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The Worst Wrestler Of Every Year Since 2000

Wrestling

Finding success in the world of professional wrestling certainly isn’t the easiest thing to do. Superstars who want to make it to television have to have the right combination of athleticism and personality while having a look that makes them unique from the rest of the roster. One would assume that everyone who makes it to television was able to show all of that in tryouts and in house shows.

However, wrestling fans from all generations can agree that there will always some wrestlers who are surprisingly able to make it to television – whether for WWE, WCW or TNA. It can be baffling how many wrestlers are pushed to main television just because they are seven feet tall or look as if they weigh a metric ton. Or the promoters see someone who looks good with just enough muscle to be an underdog against the giants to impress the fans.

Every year, there are a number of wrestlers on television who either don’t look the part, don’t have the personality to carry a match or the physical abilities to make a match look passable to the eye. Each year there’s a superstar who can easily be listed as the worst on television, or someone who is too overrated to even receive the push they are given.

The following is a look at the worst professional wrestlers through each year since 2000. For wrestling fans who have watched during this time period, most of these wrestlers will likely be expected to appear.

2000 – Kevin Nash

via neogaf.com

via neogaf.com



Kevin Nash was one of the biggest acquisitions in WCW when he formed the New World Order with Scott Hall and Hulk Hogan in 1996. But by 2000, Nash was not booked consistently. The year 2000 saw Nash going into feuds with Scott Steiner and Booker T, which included winning the WCW World Heavyweight Championship. But then the WCW brought him down the card to be in a tag team with Diamond Dallas Page – The Insiders.

While the duo had won the WCW World Tag Team Championship a couple of times, Nash was not wrestling at the same level as he did when he was making the jump to help start the Monday Night War. Things didn’t get better as WCW was beginning the process of being sold to WWE in 2001.

2001 – Big Show

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via catchasylum.com



Despite being seven-feet tall and weighing more than 500 pounds, 2001 was not really one of the best years Big Show had. It started out rough when he was eliminated by The Rock during the 2001 Royal Rumble. He would then be in a triple threat match with Kane and Raven for the WWE Hardcore Championship at WrestleMania — a forgettable match that felt very flat. Big Show would spend most of the year supporting WWE during “The Invasion.”

Big Show then lost to Shane McMahon in a Last Man Standing match before having a segment in which he left an interview with tears in his eyes. While it wasn’t the last time we would see a giant cry, it certainly hurt his image for the fans. The one highlight he did have was being part of the winning Team WWE during the 2001 Survivor Series main event, but he was the first one eliminated.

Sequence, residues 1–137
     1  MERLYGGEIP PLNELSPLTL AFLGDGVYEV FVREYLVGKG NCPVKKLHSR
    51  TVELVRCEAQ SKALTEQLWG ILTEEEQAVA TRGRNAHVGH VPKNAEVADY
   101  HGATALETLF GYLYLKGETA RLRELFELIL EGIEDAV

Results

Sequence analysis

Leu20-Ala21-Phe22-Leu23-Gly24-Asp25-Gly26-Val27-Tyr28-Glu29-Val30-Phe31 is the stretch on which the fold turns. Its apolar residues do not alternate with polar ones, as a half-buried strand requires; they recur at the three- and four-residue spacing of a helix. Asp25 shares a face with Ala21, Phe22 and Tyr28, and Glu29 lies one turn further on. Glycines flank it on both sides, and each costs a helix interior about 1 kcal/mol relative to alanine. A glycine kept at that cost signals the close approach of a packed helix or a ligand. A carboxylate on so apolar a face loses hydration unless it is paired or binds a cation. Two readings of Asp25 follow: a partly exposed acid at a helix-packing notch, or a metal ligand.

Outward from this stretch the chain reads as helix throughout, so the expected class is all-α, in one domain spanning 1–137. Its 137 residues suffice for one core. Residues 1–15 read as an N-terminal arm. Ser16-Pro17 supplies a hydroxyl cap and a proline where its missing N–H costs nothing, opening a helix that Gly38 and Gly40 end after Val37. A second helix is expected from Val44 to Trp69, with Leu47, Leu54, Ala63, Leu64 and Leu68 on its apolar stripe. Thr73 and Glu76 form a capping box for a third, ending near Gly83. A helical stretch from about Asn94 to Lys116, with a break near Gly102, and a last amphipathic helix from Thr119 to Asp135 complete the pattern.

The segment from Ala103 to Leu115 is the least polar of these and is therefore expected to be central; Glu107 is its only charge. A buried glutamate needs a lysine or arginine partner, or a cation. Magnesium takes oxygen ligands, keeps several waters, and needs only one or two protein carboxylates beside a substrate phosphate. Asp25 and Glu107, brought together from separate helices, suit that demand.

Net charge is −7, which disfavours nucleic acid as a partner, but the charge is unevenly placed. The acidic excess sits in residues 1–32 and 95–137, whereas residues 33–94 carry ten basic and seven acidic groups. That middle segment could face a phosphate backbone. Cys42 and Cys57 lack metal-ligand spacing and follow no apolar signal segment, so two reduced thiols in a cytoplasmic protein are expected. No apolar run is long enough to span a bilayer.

2002 – 3 Minute Warning (Rosey and Jamal)

via pl.wwe.com

via pl.wwe.com



Eric Bischoff was certainly trying to bring different things to WWE RAW during the Ruthless Aggression Era. But he also would give certain people only about three minutes to impress before calling in Rosey and Jamal. It felt perfect that their team was called Three Minute Warning since it felt like they could keep a match interesting for only a few minutes. Neither were able to contribute much to the tag team division and were named the Worst Tag Team by most wrestling publications.

Their highest profile match was a feud with the Dudley Boyz and Jeff Hardy at Survivor Series. But Rosey and Jamal would lose the tables match and remain on the lower-to-mid section of the card before eventually splitting up in 2003. Rosey would become The Hurricane’s “Super Hero In Training” and Jamal would be released and come back transformed as Umaga.

2003 – Nathan Jones

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via youthensnews.com



There was a period of time when the WWE seemed intent on signing only large athletes, regardless of what their wrestling experience or talent was before signing. Less than two years since he was training and wrestling with World Wrestling All-Stars, Nathan Jones was signed to a WWE contract. He looked impressive at seven-feet tall and 350 pounds. Jones was also a champion strongman, but the Australian giant lacked in-ring abilities.

Jones was written into a storyline to be mentored by Undertaker and was planned to team with The Deadman against Big Show and A-Train at WrestleMania XIX. However, he was written off with an on-screen attack to keep him out of the match that Undertaker still won. Even after a demotion to Ohio Valley Wrestling, the WWE tried to rush him back in the fall of 2003. Jones still struggled to find success before he decided to quit WWE before the end of the year.

2004 – Mordecai

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via wsimg.com



The WWE certainly had something in mind back for a new rival to The Undertaker. In 2004, there were vignettes airing for a man named Mordecai. He was a larger superstar who dressed in all-white and had a gimmick that seemed focused on the Christian faith. The goal was to rid the world of evil and do away with the sinners in the WWE. The character was a great idea for someone who would likely face The Deadman.